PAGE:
Atopic dermatitis is incredibly common in young children and usually presents in a typical fashion. Because of this, children can usually be diagnosed by a visual examination alone.

By contrast, atopic dermatitis doesn't usually appear for the first time in adulthood (although it can). When it does, adults are more likely to have eczema appear in a non-typical pattern (such as on the hands).

Patch Tests

Patch testing is a non-invasive test used to check for substances you may have a reaction to when they come in contact with your skin. This test can specifically help diagnose contact dermatitis or differentiate between contact and atopic dermatitis.

The one caveat here is that people with atopic dermatitis are also very susceptible to developing contact dermatitis and vice versa. You can have both skin conditions, sometimes at the same time, which can complicate diagnosis.

Patch testing, though, can at least make you aware of common substances that may trigger a flare-up for you. This allows you to avoid those triggers and help prevent future symptoms.

Skin Scraping and Biopsy

KOH testing, also known as skin scraping, is a simple procedure used to diagnose fungal infections such as ringworm. The skin is gently scraped with a scalpel, causing a small amount of dead skin to fall onto a slide. Potassium hydroxide (KOH) is added to the slide, which is then heated and observed under a microscope.

Skin biopsy is a test in which a small amount of skin tissue is removed and examined under a microscope. It's the standard diagnostic test used for dermatitis herpetiformis, an itchy eczematous rash associated with celiac disease.

Allergy Tests

Skin prick tests may also be used to determine if an allergy is a cause of your symptoms, although there is a possibility of false-positive results. A test may be positive not because it detects an allergy, but because overly sensitive skin that is exposed to multiple chemicals can become even more sensitive.

RAST blood tests that measure an allergic response in the blood may also be used. But these tests are not recommended in most cases because they are far less accurate than skin prick tests.

Differential Diagnoses

There are many different skin conditions that have similar symptoms. While the diagnosis of atopic dermatitis is fairly straightforward when the rash presents in a typical pattern, it can be harder to diagnose when it occurs atypically. In such cases, a differential diagnosis may be needed to exclude all other causes.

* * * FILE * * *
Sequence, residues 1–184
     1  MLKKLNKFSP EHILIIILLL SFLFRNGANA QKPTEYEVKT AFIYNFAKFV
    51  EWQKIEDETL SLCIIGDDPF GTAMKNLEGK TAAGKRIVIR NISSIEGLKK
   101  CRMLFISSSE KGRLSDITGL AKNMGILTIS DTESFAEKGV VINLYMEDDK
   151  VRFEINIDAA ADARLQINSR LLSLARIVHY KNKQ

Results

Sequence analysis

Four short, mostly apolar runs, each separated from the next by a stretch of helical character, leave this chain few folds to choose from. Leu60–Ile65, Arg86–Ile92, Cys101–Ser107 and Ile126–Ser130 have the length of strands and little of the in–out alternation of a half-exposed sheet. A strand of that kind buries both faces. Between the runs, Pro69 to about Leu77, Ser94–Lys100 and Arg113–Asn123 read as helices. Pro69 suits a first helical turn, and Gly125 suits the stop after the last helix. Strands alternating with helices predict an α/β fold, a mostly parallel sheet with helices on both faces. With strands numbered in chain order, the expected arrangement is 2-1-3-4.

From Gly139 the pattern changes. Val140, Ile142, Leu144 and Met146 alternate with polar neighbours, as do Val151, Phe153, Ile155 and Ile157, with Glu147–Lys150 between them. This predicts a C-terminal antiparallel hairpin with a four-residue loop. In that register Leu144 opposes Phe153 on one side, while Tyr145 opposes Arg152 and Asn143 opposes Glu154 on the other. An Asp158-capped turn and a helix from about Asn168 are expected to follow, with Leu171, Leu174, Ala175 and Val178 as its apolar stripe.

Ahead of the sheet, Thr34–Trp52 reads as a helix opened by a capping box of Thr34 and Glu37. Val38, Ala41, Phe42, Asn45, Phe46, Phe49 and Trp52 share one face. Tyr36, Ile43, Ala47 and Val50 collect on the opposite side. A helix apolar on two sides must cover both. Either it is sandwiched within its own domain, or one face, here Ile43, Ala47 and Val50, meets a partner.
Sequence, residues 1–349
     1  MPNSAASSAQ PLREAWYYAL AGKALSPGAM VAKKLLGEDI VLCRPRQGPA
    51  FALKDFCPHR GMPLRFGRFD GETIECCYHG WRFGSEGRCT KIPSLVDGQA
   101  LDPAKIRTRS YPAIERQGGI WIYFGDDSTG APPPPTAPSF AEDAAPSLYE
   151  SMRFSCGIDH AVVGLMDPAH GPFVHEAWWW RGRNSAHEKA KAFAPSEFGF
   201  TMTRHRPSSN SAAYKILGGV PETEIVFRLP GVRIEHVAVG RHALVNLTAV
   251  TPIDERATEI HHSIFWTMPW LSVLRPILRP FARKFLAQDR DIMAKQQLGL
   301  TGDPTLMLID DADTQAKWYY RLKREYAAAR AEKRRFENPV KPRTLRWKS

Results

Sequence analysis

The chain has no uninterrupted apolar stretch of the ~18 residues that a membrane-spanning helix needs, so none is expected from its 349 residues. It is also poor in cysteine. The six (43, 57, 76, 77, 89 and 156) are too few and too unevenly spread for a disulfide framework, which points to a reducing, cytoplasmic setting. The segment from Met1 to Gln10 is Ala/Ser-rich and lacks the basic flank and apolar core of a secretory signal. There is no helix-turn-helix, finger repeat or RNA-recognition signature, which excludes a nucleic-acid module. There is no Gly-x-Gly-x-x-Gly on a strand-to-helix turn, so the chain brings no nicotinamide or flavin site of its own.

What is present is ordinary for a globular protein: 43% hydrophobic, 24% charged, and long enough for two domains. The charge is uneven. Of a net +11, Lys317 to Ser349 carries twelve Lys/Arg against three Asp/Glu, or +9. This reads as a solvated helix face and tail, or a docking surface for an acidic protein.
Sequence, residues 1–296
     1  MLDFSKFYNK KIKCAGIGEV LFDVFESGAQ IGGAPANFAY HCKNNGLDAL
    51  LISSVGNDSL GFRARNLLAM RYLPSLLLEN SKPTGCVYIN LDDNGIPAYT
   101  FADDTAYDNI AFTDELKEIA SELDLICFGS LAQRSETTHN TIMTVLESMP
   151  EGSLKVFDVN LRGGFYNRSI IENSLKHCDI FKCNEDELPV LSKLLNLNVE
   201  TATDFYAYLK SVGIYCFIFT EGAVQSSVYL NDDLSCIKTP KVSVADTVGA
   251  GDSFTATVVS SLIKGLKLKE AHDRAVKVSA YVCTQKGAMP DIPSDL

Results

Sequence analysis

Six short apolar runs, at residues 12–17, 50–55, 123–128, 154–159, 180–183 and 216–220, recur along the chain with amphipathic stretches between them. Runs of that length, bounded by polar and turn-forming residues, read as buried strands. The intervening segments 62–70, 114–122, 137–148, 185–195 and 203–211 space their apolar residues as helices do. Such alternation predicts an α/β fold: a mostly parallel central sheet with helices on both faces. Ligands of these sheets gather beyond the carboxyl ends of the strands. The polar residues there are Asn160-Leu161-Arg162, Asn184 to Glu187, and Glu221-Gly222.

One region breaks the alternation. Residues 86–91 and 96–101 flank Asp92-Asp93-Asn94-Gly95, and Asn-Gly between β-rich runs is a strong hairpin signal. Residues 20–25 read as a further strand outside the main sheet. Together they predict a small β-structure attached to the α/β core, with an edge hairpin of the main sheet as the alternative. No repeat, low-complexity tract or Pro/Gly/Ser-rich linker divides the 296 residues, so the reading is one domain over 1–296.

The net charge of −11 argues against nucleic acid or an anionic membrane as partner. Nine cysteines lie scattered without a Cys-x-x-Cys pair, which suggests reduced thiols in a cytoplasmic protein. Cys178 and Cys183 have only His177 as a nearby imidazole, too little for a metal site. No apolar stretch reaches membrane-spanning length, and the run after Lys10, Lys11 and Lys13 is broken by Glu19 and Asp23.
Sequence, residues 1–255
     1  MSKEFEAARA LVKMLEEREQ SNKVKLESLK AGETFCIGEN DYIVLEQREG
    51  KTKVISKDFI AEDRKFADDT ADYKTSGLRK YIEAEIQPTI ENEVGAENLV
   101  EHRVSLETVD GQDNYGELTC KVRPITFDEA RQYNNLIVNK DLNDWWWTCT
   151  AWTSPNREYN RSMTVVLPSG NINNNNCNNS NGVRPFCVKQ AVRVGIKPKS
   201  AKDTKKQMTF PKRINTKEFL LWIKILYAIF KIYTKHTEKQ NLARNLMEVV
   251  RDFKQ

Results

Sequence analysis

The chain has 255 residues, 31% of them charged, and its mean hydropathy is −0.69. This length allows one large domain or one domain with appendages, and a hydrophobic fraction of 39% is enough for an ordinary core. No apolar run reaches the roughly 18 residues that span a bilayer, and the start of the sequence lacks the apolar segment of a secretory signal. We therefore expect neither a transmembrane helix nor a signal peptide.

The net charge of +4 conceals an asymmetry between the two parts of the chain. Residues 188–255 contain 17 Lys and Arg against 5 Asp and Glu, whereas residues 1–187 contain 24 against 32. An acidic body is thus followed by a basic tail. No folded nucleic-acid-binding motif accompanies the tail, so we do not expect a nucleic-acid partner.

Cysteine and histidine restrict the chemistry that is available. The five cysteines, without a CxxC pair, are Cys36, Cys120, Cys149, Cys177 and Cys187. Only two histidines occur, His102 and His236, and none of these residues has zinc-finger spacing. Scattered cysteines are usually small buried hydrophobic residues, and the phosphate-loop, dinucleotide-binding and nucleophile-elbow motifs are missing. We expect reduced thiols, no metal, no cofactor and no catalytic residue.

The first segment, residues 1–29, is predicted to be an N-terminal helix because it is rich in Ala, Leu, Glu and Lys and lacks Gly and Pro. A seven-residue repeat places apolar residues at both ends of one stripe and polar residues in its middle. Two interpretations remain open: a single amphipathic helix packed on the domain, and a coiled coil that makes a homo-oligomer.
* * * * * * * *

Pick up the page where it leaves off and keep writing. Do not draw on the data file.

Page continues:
Some conditions that have similar symptoms to atopic dermatitis include:

All of these rashes cause itchy, inflamed skin but have different causes and treatments. It is important to get the correct diagnosis so that you can get started with the most effective treatment possible.

If in doubt about a diagnosis, do not hesitate to seek a second opinion. In some cases, a skin condition may be secondary to another disease and require an entirely different diagnostic approach.

Frequently Asked Questions

  • Are hyperlinear palms a feature of eczema?

    Hyperlinear palms or soles are a minor feature of eczema. They're characterized by dry, prominent, and permanent creases.

  • How is eczema diagnosed?

    Eczema is diagnosed when a person has at least three "major features" and three "minor features." For example, major features of eczema include intense itching, a rash characteristic of eczema appearing in specific locations, chronic symptoms, and a personal or family history of eczema. A few minor features include hyperlinear palms or soles, hand or foot dermatitis, and a susceptibility to skin infections, but there are many more.

9 Sources
Verywell Health uses only high-quality sources, including peer-reviewed studies, to support the facts within our articles. Read our editorial process to learn more about how we fact-check and keep our content accurate, reliable, and trustworthy.
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  9. Kianifar HR, Pourreza A, Jabbari Azad F, Yousefzadeh H, Masomi F. Sensitivity comparison of the skin prick test and serum and fecal radio allergosorbent test (RAST) in diagnosis of food allergy in childrenRep Biochem Mol Biol. 2016;4(2):98-103.

Additional Reading

By Heather L. Brannon, MD
Heather L. Brannon, MD, is a family practice physician in Mauldin, South Carolina. She has been in practice for over 20 years.